Starring Sarah Adler, Nikol Leidman, Gera Sandler, Noa Knoller, Ma-nenita De Latorre, Zharira Charifai, Ilanit Ben Yaakov, Assi Dayan and Miri Fabian.
Screenplay by Shira Geffen.
Directed by Etgar Keret & Shira Geffen.
Distributed by Zeitgeist Films. 78 minutes. Not Rated.
This charming and quirky little Israeli slice-of-life has been opening some eyes, winning the Palm D’Or for best first-time feature at the Cannes Film Festival last year. Directed with surprising sure-footedness by respected husband and wife writers Etgar Keret and Shira Geffen, Jellyfish (Meduzot) shows the two are extremely talented in yet another venue.
I can see this film being big in Cannes, because it has a very French cinema vibe to it — and that is probably not just because there is some French money behind the production. Just the style and acting and the subject matter all feel very at one with French themes. There is even a Hebrew recording of “La Vie En Rose” which is repeated a few times throughout the running time of the film.
Perhaps the most amazing thing is that Jellyfish takes place in modern Tel Aviv and there is no real reference to or acknowledgement of all the Middle East strife going on around the characters. Not that that is not an important subject, but life in Israel can’t all revolve around the wars and it is nice to get a feel for the minutiae of daily life in the country, mixing hard daily reality with a charmingly surreal bent.
Jellyfish is not about politics – at least not the politics of leadership. Instead it embraces the politics of relationships, looking at how several Israeli lives are changed by the people they love and the people they meet.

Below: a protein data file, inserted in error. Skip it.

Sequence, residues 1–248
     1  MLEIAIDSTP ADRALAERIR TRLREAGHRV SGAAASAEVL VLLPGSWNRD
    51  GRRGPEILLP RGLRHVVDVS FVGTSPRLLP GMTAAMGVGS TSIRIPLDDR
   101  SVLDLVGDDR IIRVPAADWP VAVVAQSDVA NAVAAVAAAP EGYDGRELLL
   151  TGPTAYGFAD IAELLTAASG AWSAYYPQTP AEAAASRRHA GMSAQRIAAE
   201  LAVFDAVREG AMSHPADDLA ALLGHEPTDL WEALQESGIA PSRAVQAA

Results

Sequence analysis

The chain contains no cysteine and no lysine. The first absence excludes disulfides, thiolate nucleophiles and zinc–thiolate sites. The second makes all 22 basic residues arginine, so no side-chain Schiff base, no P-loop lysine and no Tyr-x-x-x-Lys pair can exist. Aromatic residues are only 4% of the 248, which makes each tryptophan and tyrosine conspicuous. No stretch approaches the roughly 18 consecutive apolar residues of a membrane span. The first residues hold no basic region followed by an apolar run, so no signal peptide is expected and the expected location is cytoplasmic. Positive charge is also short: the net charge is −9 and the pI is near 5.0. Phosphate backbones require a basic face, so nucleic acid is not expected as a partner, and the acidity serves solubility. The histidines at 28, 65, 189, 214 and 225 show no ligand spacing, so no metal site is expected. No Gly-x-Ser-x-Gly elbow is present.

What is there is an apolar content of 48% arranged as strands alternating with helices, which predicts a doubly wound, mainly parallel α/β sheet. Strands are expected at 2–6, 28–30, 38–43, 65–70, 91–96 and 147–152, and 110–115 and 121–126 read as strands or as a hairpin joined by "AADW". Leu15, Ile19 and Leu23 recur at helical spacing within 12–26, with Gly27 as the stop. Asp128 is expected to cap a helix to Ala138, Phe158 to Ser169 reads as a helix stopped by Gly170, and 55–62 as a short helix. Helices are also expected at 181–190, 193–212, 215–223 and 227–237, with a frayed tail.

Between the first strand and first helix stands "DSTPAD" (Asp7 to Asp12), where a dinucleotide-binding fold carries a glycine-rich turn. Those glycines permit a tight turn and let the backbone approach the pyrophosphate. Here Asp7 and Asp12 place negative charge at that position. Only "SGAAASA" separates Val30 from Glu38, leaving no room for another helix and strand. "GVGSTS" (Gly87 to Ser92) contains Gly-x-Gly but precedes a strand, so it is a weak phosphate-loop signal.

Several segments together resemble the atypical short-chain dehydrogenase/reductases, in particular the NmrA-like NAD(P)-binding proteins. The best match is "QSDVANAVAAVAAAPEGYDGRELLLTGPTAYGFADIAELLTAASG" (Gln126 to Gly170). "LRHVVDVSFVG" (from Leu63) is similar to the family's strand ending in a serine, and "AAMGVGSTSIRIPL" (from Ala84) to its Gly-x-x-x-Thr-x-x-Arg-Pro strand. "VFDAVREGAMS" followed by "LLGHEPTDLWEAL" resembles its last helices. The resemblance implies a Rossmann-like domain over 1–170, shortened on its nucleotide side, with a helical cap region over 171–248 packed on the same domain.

There is a vague connecting tissue to the three stories which co-exist here – the wedding reception of a young couple who may not know each other as well as they thought.
When the bride (Noa Knoller) breaks her ankle trying to escape from a bathroom stall, the couple has to scramble to find local accommodations for the honeymoon because they can no longer go to the Caribbean. They end up in a Tel Aviv high-rise hotel where they start quickly to get on each other’s nerves – the room is too hot, too loud, there is nothing to do, they really have little in common. Then the groom (Gera Sandler) befriends an older, mysterious woman writer who is also staying at the hotel, which sets off a jealous streak in his new spouse.
One of the waitresses at the reception is Batya (Sarah Adler), despondent after breaking up with her boyfriend, living in a tenement apartment that has an ever-worsening leak, who has strained relationships with her politician mother, her father and his new bride, a former school classmate of the Batya’s. Her life changes completely when she befriends the wedding photographer and later at the beach meets a young, silent, lost girl (Nikol Leidman) who she feels she must care for.
The last main character is a homesick Filipino nurse (Ma-nenita De Latorre) who is hired by a middle-aged actress (the actress’ pretentiously post-modern stage version of Hamlet provides some of the film’s most unexpected laughs) to care for her elderly mother – despite the fact that the nurse knows no Hebrew. The mother wants no part of this woman in her home, but eventually the two are able to work out an increasingly comfortable relationship – to the disappointment of the daughter who can’t connect with her own mother.
The threads of the stories swerve in and out until Jellyfish has created a vital human tapestry. Much of it verges on the fantastical – for example, you never know for sure if the little girl is real or just a figment of Batya’s imagination. Yet, in many ways it simply doesn’t matter. Jellyfish takes an imaginative look at women who are figuratively (and occasionally literally) lost at sea, trying to find beacons to lead them to safety.
Copyright ©2008 PopEntertainment.com. All rights reserved. Posted: March 20, 2008.